Winders Ramp is a bazaar that cannot be bypassed especially by foreign tourists and guests, where they definitely buy something to take back to their countries. It also maintains being a center that is heavily used by the people coming from the villages of Ankara.

The lively trade center starting around the building of the old GNAT and going up to Ulus Square, Anafartalar Street and Samanpazarı has lost its importance in time and in 1950’s the symbol of developing Ankara became Kızılay. Another element which symbolized this period was the passages. Ulus, Büyük and Ankara Cinemas built in the short interval between Kızılay and Sıhhiye were the center of these days’ social and cultural life. The streets close to this segment of the boulevard took their fair share from this development as well. A world with shopping places, restaurants and pastry shops, bookstores and Ankara Art Theater, which is the tiny, irreplaceable theater of Ankara, was established between Sakarya Street and İzmir Street.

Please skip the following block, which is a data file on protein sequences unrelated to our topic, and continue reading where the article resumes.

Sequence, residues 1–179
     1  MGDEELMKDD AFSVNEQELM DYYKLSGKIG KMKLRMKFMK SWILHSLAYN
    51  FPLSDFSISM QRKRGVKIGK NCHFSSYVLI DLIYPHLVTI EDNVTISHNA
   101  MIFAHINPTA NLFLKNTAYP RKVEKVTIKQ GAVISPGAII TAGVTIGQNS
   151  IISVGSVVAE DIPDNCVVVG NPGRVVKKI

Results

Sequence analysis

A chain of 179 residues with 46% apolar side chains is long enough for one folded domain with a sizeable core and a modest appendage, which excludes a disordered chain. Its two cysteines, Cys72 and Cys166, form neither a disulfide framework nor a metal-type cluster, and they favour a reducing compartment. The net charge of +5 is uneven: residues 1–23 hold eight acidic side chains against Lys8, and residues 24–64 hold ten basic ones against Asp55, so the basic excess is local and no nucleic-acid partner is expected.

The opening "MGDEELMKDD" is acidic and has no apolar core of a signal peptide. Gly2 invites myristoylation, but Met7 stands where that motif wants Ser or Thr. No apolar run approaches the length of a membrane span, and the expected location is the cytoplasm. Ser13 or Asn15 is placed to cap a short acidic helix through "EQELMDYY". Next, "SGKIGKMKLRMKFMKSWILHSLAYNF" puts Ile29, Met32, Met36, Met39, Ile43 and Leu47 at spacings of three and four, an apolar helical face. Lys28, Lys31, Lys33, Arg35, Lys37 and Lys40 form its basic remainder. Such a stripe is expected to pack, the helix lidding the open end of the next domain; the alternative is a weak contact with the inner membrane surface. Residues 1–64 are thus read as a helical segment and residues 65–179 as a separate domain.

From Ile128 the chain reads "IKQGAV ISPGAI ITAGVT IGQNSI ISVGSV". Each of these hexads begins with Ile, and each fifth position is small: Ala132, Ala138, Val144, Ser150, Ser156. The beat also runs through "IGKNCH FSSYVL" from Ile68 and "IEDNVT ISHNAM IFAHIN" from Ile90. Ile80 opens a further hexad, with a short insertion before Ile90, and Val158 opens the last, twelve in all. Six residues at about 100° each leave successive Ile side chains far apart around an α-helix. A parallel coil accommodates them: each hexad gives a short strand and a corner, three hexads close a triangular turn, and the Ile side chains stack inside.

With the increasing popularity of Kızılay, the trade life was switched to Çankaya District. Çankaya kept this superiority till today; but over time other popular places were born within Çankaya. First, the commercial center going from Kızılay to Bakanlıklar housed large fashion houses in this zone. Fashion houses appeared starting from the Gökdelen. Even though both Kızılay and Bakanlıklar have lost their past magnificence, their significance still continues. Kızılay maintains the natüre of being a major shopping center in the city; moreover, pedestrian areas of the city are located in this zone. Sakarya Street pedestrian zone is exuberant at all hours of the day with the shops where you can make all kind of food shopping, with fish stands and grocery displays mixed to each other, colored by the florists, having resting places, cafes, restaurants all around. Yüksel Street pedestrian zone, which has been opened in the new year of 1990 with an open-air fest, became a center where youth and artists are gathered.